In this fascinating and elegantly written book, Edith Hall explores the key characteristics that set the Ancient Greeks apart and how they coped with their changing world. From the original seafaring Mycenaeans to the destruction of Paganism under the Christian Roman emperors, this is a fantastic introduction to the world of the Greeks which will leave the reader itching to know more.
Edith Hall has a very interesting approach to providing an overview of Ancient Greek history and culture. Rather than a simple linear narrative, Hall presents the reader with something altogether more playful. In her Introduction, she sets out ten key characteristics of the Ancient Greeks, through which she intends to interpret and explore the world they created. These include being seagoing, suspicious of authority, competitive, inquiring, and addicted to pleasure. Sceptical readers may worry that such subjective labels are a rather unscientific way to examine a group of people, but as the book progresses Hall repeatedly qualifies her uses of these terms and uses them to excellent narrative effect. They operate almost as a leitmotif to which the rambling history of Ancient Greece can be drawn back. By using fluid terms, like 'individualistic', Hall gives herself enough scope to encompass the amazing variation between different Greek communities whilst also showing how they can be understood as a whole group.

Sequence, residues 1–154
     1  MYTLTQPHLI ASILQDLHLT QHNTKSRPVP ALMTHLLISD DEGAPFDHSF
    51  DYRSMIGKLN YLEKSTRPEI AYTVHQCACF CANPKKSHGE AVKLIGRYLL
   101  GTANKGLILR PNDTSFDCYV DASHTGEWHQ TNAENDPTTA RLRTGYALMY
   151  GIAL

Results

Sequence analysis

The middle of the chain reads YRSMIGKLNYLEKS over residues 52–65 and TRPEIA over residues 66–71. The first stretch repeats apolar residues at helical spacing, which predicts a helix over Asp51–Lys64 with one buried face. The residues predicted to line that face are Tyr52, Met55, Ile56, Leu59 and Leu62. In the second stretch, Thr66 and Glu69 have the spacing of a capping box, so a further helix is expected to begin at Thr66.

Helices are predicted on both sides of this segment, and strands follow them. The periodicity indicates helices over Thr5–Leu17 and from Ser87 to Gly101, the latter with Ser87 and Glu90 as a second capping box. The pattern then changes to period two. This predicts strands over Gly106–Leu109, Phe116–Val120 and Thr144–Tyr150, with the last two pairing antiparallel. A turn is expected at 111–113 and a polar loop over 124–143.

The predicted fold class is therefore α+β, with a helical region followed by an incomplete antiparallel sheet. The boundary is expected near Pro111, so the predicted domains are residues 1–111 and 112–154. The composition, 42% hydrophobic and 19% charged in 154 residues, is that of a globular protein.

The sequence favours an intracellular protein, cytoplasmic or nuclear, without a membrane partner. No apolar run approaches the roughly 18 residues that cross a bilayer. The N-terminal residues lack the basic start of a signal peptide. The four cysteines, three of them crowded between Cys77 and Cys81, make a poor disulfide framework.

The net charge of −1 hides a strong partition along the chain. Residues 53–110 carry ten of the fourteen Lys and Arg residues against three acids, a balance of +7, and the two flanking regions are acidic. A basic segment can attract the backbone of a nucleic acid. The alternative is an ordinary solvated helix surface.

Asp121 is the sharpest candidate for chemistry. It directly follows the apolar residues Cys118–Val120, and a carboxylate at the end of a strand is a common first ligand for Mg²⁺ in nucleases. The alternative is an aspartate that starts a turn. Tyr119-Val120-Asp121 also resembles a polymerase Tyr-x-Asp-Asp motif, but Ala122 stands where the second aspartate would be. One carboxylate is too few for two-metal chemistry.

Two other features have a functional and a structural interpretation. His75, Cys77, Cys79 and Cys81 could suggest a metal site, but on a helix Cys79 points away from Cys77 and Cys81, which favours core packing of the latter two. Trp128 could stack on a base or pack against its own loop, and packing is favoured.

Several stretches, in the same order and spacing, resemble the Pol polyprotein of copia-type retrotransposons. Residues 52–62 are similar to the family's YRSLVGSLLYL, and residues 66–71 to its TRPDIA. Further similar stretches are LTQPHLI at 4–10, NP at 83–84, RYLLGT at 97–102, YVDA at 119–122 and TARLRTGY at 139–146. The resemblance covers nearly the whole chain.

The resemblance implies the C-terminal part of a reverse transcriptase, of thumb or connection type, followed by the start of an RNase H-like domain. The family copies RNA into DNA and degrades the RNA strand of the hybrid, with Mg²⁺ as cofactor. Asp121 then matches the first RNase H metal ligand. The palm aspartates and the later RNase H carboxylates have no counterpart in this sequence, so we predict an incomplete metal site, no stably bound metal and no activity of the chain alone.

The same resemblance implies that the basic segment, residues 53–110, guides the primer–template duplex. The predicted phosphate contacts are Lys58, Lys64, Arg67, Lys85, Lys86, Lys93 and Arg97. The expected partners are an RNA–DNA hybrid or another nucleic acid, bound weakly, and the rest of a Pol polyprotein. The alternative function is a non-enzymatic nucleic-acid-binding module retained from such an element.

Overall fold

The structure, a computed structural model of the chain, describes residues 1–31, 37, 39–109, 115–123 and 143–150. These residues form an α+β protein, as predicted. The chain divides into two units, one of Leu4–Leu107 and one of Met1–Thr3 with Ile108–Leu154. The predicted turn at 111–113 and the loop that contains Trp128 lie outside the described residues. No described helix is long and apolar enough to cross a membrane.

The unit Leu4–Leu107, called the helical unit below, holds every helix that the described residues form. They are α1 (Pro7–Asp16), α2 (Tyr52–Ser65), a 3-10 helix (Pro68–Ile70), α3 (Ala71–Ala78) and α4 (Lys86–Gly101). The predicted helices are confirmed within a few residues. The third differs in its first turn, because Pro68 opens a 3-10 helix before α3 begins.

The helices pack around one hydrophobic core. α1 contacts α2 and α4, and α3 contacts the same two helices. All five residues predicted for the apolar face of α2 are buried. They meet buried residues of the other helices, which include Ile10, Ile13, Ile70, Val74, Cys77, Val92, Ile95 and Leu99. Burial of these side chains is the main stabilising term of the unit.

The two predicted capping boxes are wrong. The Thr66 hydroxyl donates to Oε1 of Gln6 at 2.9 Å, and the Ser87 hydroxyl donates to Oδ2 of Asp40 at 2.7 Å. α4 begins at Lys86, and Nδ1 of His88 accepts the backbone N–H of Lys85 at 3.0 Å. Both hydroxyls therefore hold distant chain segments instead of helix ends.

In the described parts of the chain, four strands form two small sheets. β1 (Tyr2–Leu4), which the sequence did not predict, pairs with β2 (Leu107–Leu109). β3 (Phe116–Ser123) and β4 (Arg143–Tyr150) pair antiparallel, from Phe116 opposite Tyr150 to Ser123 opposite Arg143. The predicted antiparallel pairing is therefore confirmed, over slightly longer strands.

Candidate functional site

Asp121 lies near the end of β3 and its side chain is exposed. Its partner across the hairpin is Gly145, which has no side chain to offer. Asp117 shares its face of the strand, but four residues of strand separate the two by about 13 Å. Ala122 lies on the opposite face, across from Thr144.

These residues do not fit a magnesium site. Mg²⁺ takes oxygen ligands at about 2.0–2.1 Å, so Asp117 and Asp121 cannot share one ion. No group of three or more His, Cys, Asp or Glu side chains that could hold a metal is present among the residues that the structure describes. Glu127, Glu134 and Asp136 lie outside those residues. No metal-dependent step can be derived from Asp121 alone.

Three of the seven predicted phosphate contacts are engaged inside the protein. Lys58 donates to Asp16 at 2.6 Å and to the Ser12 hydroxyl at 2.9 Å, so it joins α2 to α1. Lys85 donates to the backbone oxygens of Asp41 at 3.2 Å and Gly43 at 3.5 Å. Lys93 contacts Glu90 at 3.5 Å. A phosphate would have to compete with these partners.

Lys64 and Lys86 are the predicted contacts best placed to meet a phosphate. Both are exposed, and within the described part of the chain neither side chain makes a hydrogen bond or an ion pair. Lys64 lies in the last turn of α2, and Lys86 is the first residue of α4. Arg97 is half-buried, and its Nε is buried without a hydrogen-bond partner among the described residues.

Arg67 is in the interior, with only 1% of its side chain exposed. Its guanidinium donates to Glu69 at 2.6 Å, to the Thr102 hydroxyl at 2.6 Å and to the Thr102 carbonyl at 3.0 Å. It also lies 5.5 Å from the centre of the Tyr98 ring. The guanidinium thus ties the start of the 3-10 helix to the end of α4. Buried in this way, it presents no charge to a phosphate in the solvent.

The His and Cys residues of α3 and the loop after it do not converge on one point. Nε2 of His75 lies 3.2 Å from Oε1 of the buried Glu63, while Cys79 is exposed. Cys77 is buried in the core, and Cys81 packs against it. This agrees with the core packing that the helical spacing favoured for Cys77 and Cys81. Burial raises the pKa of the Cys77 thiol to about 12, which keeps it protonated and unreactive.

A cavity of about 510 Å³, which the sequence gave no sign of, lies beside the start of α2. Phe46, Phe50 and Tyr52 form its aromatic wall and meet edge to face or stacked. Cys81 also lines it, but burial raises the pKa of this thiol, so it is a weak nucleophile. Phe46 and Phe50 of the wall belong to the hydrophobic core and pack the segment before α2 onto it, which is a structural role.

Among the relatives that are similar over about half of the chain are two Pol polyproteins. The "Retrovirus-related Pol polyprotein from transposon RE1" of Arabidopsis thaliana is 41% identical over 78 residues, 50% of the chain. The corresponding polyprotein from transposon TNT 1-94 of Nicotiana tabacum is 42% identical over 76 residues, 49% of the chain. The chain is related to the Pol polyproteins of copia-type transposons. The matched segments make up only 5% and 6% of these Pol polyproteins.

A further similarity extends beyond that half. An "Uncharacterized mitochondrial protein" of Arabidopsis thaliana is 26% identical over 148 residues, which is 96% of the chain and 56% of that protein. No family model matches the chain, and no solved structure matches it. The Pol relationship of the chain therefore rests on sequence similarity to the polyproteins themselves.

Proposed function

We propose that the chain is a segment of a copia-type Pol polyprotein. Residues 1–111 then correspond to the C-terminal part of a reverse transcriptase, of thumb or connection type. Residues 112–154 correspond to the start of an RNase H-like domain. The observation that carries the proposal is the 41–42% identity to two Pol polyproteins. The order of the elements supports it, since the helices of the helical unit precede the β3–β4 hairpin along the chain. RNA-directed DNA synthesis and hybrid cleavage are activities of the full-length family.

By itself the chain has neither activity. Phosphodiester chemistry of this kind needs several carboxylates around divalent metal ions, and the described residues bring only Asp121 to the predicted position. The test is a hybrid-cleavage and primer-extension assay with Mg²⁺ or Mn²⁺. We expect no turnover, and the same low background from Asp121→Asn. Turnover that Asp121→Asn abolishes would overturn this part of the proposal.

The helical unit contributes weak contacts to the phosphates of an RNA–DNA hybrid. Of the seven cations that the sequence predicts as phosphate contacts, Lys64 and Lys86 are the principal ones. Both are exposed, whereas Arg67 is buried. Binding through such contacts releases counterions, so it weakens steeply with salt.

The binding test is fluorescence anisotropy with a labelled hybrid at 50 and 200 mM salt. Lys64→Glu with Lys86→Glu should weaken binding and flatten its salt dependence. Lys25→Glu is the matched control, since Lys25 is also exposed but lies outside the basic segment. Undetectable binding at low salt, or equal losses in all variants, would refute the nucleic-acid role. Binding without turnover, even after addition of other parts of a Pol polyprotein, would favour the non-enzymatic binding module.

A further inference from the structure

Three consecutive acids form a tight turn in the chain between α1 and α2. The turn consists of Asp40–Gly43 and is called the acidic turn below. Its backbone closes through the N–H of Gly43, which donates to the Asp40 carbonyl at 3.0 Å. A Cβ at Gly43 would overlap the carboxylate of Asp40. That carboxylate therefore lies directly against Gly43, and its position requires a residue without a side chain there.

The book is structured in roughly chronological order, starting with the bronze age communities of Greece and ending with the outlawing of pagan practices by the Roman Emperor Theodosius I. Within each chapter (which cover broad periods of Greek history), Hall gives herself the licence to roam, following the dictates of her material and the trends she is identifying within it. Several chapters overlap in terms of the dates they cover, particularly the last two that focus on Greek intellectual life under the Romans and the rise of Christianity. Hall shows how Greek culture grew, providing a sense of different ideas building momentum over time, such as the development of different schools of philosophy in Athens. The progress of the chapters feels completely natural and sucks you into the argument.
One particularly absorbing chapter is the one focusing on Sparta. The popular image of men in red cloaks and leather hot pants plays a big part in Sparta’s fascination, but Hall delves far beyond this. She explores, with great candour, the darker side of Spartan society, whilst also tearing down the idea that they were austere warriors with no time for culture or art. These most un-Greek of Greeks are transformed by Hall’s analysis, and she makes a great case for how we can see their society in context with that of Athens.
The only possible criticism I can level at this book is that Hall can be a bit of a tease. Although she describes some ancient works in great detail (such as Galen’s treatises), frequently, she will name drop an author or the contents of a specific ancient text and then move on to other things, making your mouth water to know more. But perhaps this is a good thing – if you are only just starting to explore the ancient world, it is very useful to get an idea of what texts you might want to look at, without any 'spoilers'. It gives you the freedom to look at those texts with your own fresh perspective. In addition, Hall is very good at situating well-known authors in context. Most people will have heard of Plutarch, but fewer will know about his devotion to his hometown, Chaeronea, in Boeotia.
I would recommend this book to both newcomers and more seasoned researchers. The overview is very thorough and will give those unfamiliar with the material a great appreciation for the progress of Greek civilisation. Although the content will be familiar to those who have studied the ancient world for years, Edith Hall’s approach may be interesting for the experienced Classicist to engage with.